The Canary blog, 8 June 2016, by Conrad Bower: CFS have long been told it’s all in their head – these scientists disagree
A conference bringing together the brightest minds in Myalgic Encephalomyelitis a.k.a Chronic Fatigue Syndrome (ME/CFS) research, presented results that promise to bring a new dawn in understanding this debilitating disease. A hot topic at the conference was the search for reliable biomarkers to diagnose ME/CFS which can also aid understanding the mechanisms behind the disease.
A biomarker is something that can be measured reliably in the body to determine if someone is ill with a particular disease, or recovering due to treatment. For example high levels of glucose in the blood is a biomarker for diabetes. Currently there are no biomarkers available clinically to diagnose ME/CFS, diagnosis relies on a set of symptoms which are also common in other illnesses.
Dr Ian Gibson was chair of the conference, organised by the charity Invest in ME Research, and also an author of a report into ME/CFS presented to the UK government in 2006. Gibson was critical of the government not acting on any of the recommendations presented in the report. Gibson was keen to put the “bad old days” behind them and concentrate on the compelling new science being produced and the opportunities for progress it provides:
‘ I think people are surging to this field, like the pharmaceutical industry, because they will smell money somewhere in cures as they always do… they want to be there when a new drug or treatment is available. ’
More promising data from Norwegian Rituximab trial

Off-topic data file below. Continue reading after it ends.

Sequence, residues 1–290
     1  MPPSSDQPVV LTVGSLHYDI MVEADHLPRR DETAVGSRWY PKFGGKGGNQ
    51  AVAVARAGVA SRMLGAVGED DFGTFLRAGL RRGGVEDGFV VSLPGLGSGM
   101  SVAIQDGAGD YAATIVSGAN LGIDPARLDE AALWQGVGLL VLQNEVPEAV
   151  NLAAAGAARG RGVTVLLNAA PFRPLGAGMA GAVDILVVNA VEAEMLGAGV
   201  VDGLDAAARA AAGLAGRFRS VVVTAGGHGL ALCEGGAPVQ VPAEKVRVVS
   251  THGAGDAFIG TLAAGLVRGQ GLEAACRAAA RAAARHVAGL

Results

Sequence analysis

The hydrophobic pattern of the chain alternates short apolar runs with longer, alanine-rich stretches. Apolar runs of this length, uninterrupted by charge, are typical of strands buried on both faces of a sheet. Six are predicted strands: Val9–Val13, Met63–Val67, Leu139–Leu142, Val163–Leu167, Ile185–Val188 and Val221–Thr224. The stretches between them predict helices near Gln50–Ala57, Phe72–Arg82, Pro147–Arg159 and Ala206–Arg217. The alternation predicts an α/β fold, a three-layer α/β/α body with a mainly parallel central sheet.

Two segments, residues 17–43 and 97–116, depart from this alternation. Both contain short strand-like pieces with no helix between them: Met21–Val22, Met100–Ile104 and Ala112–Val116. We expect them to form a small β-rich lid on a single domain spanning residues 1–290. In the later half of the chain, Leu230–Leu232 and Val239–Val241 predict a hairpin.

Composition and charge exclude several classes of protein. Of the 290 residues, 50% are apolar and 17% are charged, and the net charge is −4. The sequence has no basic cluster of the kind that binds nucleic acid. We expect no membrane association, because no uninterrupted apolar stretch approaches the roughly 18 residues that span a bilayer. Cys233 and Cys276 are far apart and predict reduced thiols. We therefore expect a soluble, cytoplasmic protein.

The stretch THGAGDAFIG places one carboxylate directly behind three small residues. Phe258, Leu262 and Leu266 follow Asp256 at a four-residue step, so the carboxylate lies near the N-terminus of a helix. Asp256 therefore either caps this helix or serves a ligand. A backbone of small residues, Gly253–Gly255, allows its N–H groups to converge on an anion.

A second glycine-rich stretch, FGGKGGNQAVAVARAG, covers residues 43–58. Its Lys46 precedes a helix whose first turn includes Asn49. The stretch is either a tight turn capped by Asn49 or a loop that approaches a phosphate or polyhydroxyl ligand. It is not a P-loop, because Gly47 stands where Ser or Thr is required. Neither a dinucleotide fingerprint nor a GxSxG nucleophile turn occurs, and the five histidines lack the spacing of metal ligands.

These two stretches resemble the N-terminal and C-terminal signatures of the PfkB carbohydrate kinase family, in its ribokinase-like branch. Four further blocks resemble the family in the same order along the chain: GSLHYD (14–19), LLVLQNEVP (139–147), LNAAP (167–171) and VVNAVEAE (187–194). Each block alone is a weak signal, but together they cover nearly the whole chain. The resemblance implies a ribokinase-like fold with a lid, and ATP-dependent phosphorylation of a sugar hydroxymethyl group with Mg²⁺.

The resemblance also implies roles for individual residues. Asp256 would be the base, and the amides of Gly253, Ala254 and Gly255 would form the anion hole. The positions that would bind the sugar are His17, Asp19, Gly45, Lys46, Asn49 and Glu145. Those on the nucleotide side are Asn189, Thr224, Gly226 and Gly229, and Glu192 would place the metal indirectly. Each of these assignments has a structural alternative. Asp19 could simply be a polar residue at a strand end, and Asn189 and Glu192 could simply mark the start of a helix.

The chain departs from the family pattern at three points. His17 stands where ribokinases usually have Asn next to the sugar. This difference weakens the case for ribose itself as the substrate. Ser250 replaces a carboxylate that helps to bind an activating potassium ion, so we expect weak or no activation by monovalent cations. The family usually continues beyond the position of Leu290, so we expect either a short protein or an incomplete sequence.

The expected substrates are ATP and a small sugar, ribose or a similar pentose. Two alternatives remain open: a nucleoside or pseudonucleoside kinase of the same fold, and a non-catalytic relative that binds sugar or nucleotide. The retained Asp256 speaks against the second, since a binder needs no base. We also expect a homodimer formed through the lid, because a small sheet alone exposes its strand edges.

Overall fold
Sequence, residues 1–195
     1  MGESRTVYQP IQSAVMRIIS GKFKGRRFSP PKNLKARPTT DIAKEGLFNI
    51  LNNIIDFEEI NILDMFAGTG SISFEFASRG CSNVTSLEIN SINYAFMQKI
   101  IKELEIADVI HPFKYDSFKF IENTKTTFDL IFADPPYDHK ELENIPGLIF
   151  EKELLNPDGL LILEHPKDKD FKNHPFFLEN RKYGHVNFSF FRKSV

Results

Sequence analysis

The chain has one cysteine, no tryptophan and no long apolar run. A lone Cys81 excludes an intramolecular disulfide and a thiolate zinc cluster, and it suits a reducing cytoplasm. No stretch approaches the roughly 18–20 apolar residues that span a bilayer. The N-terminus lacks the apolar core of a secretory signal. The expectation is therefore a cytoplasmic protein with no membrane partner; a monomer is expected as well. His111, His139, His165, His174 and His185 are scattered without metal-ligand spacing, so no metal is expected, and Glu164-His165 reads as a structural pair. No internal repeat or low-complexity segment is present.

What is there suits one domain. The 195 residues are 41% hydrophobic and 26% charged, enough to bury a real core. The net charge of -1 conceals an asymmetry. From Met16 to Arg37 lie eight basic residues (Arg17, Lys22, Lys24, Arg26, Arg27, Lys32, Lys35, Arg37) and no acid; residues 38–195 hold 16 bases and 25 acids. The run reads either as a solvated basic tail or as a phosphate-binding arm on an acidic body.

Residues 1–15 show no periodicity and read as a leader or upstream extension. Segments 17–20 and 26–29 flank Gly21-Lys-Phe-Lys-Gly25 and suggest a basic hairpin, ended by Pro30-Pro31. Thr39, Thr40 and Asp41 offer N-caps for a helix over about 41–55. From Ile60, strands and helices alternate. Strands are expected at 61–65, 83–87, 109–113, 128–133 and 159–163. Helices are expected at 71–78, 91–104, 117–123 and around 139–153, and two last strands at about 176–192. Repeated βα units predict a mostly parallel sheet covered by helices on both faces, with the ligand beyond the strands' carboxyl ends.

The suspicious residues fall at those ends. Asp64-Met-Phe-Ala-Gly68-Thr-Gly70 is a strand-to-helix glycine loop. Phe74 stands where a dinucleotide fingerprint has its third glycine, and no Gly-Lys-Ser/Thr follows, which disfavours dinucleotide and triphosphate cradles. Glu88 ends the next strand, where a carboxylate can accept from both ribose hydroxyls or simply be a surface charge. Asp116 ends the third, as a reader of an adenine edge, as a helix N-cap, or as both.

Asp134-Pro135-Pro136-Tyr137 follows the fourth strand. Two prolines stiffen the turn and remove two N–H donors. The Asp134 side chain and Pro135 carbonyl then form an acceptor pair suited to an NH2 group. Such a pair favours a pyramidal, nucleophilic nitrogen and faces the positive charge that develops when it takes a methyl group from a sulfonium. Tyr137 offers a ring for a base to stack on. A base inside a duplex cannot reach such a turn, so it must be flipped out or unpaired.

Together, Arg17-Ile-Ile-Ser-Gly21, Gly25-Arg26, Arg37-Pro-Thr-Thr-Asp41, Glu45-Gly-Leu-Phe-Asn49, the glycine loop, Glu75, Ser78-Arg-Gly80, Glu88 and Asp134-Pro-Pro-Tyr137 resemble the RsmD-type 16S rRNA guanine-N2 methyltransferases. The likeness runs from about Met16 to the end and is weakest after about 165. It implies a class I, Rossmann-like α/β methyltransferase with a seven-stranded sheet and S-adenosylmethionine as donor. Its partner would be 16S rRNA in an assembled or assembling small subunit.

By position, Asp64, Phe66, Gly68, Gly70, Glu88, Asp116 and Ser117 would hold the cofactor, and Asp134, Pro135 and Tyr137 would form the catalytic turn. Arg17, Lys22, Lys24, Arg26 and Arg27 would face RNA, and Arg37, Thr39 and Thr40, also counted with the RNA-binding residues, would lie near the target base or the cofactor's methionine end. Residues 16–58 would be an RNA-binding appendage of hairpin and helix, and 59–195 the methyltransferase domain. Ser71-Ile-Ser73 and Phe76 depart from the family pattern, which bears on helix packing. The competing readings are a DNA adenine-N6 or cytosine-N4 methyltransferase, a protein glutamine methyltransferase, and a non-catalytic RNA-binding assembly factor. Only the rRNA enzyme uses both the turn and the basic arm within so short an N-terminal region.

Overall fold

Rituximab is a monoclonal antibody that was originally developed to treat cancer, but has recently shown efficacy in treating ME/CFS in a Norwegian clinical trial. It is regarded by many in ME/CFS community as the most promising candidate to become a clinically approved drug treatment for the illness.
Professor Carmen Sheibenbogen, from Charite University Medicine Berlin, presented evidence of auto antibodies to adrenergic and muscarinic receptors being significantly elevated in ME/CFS patients compared to controls. The study published in Brain, Behaviour and Immunity, composed of a group of ME/CFS patients and controls from Germany, but also included analysis done on blood serum samples from the Norwegian Rituximab clinical trial.
The Norwegian patients’ levels of the same auto antibodies were high prior to treatment with rituximab, the levels then decreased after treatment in patients who showed recovery from their ME/CFS symptoms. The key finding however was that patients who did not respond to rituximab treatment did not show any decrease in levels of auto antibodies; indicating the auto antibodies are involved in causing ME/CFS.
Sheibenbogen states in the paper that the adrenergic and muscarinic receptors are “potential biomarkers” for response to rituximab therapy. She goes on to say:
‘ It is conceivable that various symptoms of CFS including cognitive deficits, autonomic dysregulation and immune activation could be partly mediated by auto antibodies against these receptors in a subset of patients. ’
There are many that believe ME/CFS is an autoimmune illness, where the immune system malfunctions and starts to attack things it shouldn’t. This is contrary to the belief of a large part of the medical community who say it is predominantly a psychiatric illness. Sheibenbogen was one of many at the conference adding weight to the theory that ME/CFS is an autoimmune disease.